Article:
The social origins and IQ of inventors

Philippe Aghion, Ufuk Akcigit, Ari Hyytinen, Otto Toivanen 23 December 2017



Who becomes an inventor? Does innovation attract the most talented individuals, or the individuals with privileged socio-economic background? The following figures motivated our analysis.

Figure 1 depicts the relationship between an individual's probability of becoming an inventor and his father's income, respectively, using recent US data (Figure 1A, drawn from Bell et al. 2017), US historical data (Figure 1B, drawn from Akcigit et al. 2017), and recent Finnish data (Figure 1C).

From these figures, we see that in all three cases, the individual's probability of becoming an inventor increases with the father's income, and that the effect is highly non-linear, being particularly steep at the highest levels of father's income. The probability of innovating for an individual whose father is at the very top of the income distribution is about ten times larger than the corresponding probability for an individual with a father at the bottom end of the income distribution. The similarity between Finland and the US is all the more remarkable given that, unlike the US, Finland displays low income inequality and high social mobility in international comparisons, and offers free education up to and including university, whereas the opposite is true for the US. What lies behind the steep relationship in between father’s income and the probability of becoming an inventor in Finland?

Figure 1 Parental income and becoming an inventor

a) Source: Bell et al. (2017) 

b) Source: Akcigit et al. (2017)

c) Source: Aghion et al. (2017)

Notes: The figure displays the probability to invent as a function of father’s / parents’ income percentile. Figure 1A comes from Bell et al. (2017) and Figure 1B from Akcigit et al. (2017). In Figure 1C, father’s income is measured in 1975 for individuals born 1961–1975, and in 1985 for individuals born in 1976-1985. We calculate the percentile ranks using residuals from a regression of the natural log of deflated income of fathers and mothers on year-of-birth dummies.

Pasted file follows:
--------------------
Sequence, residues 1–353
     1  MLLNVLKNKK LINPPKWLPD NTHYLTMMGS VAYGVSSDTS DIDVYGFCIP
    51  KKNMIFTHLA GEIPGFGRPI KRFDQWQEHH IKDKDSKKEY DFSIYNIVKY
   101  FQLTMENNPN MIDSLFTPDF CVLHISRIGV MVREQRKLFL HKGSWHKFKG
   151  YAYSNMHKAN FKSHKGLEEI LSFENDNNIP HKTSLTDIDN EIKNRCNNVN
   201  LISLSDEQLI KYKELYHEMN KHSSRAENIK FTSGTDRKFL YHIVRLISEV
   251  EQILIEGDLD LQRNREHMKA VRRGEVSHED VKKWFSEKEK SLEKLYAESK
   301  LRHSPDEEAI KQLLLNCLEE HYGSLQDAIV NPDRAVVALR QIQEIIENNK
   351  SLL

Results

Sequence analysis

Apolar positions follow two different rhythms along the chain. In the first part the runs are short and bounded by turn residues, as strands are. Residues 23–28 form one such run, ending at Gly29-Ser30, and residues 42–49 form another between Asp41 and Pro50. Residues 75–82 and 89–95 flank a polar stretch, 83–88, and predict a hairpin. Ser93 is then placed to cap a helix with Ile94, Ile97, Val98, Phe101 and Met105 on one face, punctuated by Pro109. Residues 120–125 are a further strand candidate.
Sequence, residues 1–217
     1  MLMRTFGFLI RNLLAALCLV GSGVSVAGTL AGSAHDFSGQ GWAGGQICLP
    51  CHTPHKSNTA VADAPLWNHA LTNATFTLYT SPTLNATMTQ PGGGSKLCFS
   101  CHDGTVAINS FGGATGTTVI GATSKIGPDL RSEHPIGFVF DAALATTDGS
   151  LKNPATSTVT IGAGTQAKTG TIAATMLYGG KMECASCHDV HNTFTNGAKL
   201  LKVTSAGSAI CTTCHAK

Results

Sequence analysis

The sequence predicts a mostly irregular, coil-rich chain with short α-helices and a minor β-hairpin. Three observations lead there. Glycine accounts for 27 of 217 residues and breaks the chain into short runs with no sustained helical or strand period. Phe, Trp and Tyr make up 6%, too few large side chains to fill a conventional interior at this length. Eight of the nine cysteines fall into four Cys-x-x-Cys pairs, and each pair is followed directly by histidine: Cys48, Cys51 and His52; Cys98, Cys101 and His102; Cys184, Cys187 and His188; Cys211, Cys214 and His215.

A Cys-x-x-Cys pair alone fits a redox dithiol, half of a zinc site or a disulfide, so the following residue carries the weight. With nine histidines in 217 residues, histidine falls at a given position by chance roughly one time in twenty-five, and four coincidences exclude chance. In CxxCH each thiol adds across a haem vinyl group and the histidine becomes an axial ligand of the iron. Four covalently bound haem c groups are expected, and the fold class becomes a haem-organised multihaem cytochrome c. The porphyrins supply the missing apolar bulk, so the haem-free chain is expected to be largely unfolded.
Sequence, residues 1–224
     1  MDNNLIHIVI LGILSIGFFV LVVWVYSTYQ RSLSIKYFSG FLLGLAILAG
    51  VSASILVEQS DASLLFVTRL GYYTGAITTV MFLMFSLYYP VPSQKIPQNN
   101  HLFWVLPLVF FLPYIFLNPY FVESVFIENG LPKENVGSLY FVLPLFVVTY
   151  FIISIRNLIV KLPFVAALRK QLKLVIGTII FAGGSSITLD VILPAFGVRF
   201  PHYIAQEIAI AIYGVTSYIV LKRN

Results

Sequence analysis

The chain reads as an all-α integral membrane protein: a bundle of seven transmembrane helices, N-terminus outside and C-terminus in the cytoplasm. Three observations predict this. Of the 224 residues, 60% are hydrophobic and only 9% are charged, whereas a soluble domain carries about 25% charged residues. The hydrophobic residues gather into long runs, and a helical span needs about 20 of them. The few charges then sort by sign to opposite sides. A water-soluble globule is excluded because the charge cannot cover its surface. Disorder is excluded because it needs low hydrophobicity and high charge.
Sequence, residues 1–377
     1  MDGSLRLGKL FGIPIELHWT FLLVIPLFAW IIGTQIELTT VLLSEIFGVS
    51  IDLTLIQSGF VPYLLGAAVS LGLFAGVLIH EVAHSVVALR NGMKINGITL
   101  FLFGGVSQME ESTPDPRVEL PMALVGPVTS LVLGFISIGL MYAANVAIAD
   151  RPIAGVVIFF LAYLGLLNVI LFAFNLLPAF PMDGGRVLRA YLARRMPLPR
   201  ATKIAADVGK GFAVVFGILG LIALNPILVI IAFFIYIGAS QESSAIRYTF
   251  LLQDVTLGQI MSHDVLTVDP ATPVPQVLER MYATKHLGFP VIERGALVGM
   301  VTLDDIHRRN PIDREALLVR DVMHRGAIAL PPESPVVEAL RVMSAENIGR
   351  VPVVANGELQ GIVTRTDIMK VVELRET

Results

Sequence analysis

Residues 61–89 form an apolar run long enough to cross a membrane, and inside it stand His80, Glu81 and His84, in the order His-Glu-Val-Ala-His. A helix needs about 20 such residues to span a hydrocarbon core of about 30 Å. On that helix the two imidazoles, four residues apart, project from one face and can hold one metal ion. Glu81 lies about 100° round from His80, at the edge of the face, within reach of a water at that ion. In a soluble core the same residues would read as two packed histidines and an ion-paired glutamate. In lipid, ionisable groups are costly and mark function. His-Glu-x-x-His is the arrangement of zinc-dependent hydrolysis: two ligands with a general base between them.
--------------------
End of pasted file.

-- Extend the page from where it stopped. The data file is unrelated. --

Figure 2 plots the probability of inventing against visuo-spatial IQ percentiles. We see that the probability of inventing has an increasing and convex association with IQ, and that those individuals at the extreme right tail of the IQ distribution are five to six times more likely to invent than individuals in the middle of the IQ distribution.

Figure 2 Own visuo-spatial IQ and becoming and inventor

Notes: The figure displays the probability to invent conditional on the visuo-spatial IQ percentile of the individual. IQ percentiles are calculated on the basis of the normalised IQ score, where normalisation was done separately for each conscription cohort to avoid the Flynn effect.

To explore in more detail how socioeconomic background and IQ affect the probability of becoming an inventor, we merge three data sets:

  • Individual data on income, education, and socioeconomic status of parents from Statistics Finland (SF)
  • Individual patenting data from the European Patent Office
  • IQ data from the Finnish Defence Force (given that conscription only affects males in Finland, we concentrate on the male work force in this paper).

Our first main finding is that parental income matters for the probability of becoming an inventor, but the estimated impact of parental income is greatly diminished once parents’ socioeconomic status, parental education, and the individual's IQ are controlled for. Figure 3 summarises our findings. First, the overall relationship between father’s income and the probability of becoming an inventor is depicted by the upper curve (this curve mirrors the non-parametric Figure 1). Does this curve reflect a direct effect of parental income on the individual’s probability of inventing? The answer is no.

Figure 3 Decomposing the impact of father’s income

Notes: The figure displays the estimated probability to invent conditional on father’s income quintile. The probability to invent conditional on the father being in the lowest quintile (base group in the regression) is the sample mean for individuals with a father in that income quintile.

Indeed, as we control for parents’ socioeconomic status (e.g. both father or mother are senior white-collar workers), then for parental education, and then for the individual’s IQ, we see that the curve between parental income and the probability of becoming an inventor moves down and becomes increasingly flatter. This in turn suggests that the apparent relationship between parental income and the probability of inventing hides more complex channels which have not been considered or analysed to date.

A first channel is that high-income parents typically enjoy a higher socioeconomic status. A second channel is that higher-income parents tend to be more educated, and more educated parents in turn train their kids more effectively (e.g. homeschool) with the sorts of skills inventor’s need. A third potential channel is that higher-income parents produce higher IQ children, and that higher IQ children are more likely to innovate.